Squeaky floor without a sub floor

Q: My wife and I moved into a rehabbed 2nd floor condo this summer. It was built in 1970, has hardwood floors throughout, and tiles in the kitchen and bathrooms. As we’ve been living here, the wood floors (red oak, I think) have become really squeaky. A little Internet investigation lead me to think that most people with this problem nail the offending board to the sub floor and are done with it. But our problem isn’t just one or two boards, it’s pretty much all of them. Also, I don’t think we have a sub floor.

I think this for two reasons: I installed a ceiling fan this summer and got a good look at the bottom side of my upstairs neighbor’s floor. It looked a lot like the top of my floor, with about 2′ boards with the ends offset. Since the bottom of his and the top of my floor look the same, this makes me think, that both of our floors are just one layer of boards running perpendicular to the joists. The second reason I think there’s no sub floor is that there are rows of nails (in every third floorboard) spaced 16 inches apart running parallel to the joists.

So, how do fix my squeaky hardwood floors? I noticed that some regions of the floor don’t have the rows of nails, and so I assume aren’t nailed to the joists. And the few places where the floor is quiet is where there are lots of nails. Since nails seem to make it quiet, I was thinking of putting more nails into the floor, like maybe at every joist.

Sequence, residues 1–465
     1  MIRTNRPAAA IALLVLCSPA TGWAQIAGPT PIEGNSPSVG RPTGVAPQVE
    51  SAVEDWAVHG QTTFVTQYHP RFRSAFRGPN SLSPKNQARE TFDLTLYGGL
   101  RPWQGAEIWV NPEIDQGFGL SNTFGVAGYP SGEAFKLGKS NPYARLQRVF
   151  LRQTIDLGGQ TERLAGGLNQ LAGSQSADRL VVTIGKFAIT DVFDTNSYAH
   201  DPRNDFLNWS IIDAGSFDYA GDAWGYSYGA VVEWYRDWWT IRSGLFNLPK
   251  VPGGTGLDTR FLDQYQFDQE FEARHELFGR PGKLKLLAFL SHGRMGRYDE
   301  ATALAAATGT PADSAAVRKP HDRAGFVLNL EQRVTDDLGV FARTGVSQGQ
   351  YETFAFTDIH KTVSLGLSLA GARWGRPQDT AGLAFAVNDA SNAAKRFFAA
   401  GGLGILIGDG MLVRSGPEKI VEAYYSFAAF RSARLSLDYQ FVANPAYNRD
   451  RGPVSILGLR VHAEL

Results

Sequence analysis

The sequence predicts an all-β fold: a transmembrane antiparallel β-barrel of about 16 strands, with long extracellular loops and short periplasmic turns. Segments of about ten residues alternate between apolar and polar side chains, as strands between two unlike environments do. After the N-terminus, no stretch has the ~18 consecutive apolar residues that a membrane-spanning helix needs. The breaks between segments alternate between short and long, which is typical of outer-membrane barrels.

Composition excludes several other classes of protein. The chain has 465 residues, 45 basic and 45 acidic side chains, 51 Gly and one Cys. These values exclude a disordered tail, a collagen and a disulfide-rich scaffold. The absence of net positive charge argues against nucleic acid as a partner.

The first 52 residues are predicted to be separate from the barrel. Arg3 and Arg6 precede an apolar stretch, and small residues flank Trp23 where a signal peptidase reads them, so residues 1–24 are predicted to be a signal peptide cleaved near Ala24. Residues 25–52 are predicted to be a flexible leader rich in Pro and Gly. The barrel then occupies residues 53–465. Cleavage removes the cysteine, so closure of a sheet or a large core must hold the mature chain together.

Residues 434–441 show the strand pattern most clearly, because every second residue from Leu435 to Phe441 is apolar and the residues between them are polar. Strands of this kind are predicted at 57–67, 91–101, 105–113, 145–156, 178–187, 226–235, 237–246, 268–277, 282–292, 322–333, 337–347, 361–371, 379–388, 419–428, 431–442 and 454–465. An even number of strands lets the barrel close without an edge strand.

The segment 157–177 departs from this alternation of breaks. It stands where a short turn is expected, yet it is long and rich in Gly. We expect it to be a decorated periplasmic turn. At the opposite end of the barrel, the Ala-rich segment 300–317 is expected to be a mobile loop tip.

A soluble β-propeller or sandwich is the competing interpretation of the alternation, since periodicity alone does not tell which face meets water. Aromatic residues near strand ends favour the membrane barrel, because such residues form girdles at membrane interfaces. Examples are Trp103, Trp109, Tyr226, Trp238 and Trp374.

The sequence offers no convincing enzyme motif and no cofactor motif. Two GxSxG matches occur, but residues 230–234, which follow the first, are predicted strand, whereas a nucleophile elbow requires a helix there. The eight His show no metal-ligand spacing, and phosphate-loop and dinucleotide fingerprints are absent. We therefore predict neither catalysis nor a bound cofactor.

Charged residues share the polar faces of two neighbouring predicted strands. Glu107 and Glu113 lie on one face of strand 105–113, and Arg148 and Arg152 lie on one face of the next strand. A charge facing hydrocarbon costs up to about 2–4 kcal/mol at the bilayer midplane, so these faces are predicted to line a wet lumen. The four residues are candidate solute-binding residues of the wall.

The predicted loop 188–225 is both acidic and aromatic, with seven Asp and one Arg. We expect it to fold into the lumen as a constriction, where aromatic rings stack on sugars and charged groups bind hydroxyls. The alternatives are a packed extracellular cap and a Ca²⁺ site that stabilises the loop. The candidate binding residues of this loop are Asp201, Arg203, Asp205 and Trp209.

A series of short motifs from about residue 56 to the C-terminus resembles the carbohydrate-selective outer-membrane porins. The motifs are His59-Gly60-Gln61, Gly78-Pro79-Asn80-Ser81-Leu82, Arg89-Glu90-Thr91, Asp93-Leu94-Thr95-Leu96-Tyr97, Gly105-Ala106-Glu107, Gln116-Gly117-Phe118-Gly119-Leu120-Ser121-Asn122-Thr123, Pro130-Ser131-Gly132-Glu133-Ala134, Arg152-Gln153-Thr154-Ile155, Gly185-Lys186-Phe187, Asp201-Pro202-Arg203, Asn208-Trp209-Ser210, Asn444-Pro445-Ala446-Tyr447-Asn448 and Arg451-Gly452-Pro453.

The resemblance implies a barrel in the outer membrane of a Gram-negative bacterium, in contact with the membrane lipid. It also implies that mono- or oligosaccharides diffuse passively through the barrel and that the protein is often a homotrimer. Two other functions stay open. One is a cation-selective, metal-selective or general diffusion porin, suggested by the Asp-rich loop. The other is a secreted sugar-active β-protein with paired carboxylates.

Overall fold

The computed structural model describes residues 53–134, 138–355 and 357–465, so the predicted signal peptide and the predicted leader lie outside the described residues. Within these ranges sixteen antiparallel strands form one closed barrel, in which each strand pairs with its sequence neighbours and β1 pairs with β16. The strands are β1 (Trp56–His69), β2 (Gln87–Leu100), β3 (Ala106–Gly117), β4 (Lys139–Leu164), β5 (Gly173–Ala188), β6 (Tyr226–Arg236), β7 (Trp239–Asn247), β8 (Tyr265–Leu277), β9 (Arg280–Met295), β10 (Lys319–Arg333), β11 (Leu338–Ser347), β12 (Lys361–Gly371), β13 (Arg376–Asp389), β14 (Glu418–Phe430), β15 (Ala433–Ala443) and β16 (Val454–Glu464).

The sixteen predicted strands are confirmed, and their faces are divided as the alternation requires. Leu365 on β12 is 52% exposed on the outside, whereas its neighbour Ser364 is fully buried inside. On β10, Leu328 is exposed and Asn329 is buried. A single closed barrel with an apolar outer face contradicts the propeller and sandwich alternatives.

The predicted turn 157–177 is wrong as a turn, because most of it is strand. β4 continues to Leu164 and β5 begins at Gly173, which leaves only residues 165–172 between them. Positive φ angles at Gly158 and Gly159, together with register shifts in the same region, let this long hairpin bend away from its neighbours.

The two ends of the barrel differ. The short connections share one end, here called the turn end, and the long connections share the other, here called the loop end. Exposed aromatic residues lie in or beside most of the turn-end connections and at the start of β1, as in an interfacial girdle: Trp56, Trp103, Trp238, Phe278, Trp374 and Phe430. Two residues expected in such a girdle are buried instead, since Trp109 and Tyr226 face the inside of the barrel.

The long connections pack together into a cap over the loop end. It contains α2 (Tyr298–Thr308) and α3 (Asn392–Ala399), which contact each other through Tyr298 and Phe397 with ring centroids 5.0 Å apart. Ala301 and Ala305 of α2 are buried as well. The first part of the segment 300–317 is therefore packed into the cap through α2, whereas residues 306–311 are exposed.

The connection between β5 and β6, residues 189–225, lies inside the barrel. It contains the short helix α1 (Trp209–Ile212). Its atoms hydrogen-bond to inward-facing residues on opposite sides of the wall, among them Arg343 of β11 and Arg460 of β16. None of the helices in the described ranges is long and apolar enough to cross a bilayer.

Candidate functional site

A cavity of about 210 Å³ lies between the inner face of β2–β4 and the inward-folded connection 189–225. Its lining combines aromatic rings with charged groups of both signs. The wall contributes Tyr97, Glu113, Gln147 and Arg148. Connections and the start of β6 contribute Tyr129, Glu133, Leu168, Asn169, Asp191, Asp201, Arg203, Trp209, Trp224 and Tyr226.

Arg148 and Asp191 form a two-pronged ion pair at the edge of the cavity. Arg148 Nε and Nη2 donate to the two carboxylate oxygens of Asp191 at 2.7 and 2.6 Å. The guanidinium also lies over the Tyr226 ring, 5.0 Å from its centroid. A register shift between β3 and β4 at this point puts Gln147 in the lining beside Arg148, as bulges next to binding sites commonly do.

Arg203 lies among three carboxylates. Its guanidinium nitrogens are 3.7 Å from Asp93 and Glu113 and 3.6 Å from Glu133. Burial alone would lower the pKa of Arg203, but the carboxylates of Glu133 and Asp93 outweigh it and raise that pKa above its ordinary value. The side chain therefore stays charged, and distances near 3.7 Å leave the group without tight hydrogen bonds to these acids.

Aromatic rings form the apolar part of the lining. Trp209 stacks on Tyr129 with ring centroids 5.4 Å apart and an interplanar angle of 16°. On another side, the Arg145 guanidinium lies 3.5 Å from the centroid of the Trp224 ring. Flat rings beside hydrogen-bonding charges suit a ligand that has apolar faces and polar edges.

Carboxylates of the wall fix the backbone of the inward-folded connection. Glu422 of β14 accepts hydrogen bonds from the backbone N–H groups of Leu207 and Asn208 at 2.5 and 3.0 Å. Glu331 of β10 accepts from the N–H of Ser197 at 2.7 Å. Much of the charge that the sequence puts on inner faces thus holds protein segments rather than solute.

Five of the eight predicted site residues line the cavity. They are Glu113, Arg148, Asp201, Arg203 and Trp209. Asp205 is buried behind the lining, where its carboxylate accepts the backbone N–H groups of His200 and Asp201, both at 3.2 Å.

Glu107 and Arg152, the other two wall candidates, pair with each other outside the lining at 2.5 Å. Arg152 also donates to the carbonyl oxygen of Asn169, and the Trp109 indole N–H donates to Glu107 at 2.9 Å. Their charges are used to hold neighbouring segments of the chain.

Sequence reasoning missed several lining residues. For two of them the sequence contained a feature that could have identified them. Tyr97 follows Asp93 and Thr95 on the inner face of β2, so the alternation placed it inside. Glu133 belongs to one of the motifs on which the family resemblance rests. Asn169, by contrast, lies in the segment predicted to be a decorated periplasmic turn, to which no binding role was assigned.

Since it seems like a simple solution, I’m a little nervous about adding more nails, because there may be a reason that the original flooring guys didn’t put nails everywhere. Did they nail every third board (and not every board) to let the wood move a little bit? If I nail more regions down, should I also nail every third board?

A: I have seen a few floors like this installed without a sub floor. Sometimes they did not stop the end of the plank at the middle of the joist, but between them. Not a good thing. This floor may be quite old but should have been nailed through the tongue and into the joist. They likely didn’t have a nailer but used simple 2′ common finishing nails. These would tend to work loose over time, especially if there was seasonal movement. You could try a few nails through the face and see if it helps. Counter sink the head and use colour match wood putty to fill the hole. Use spiral nails, not the ones with the smooth shank.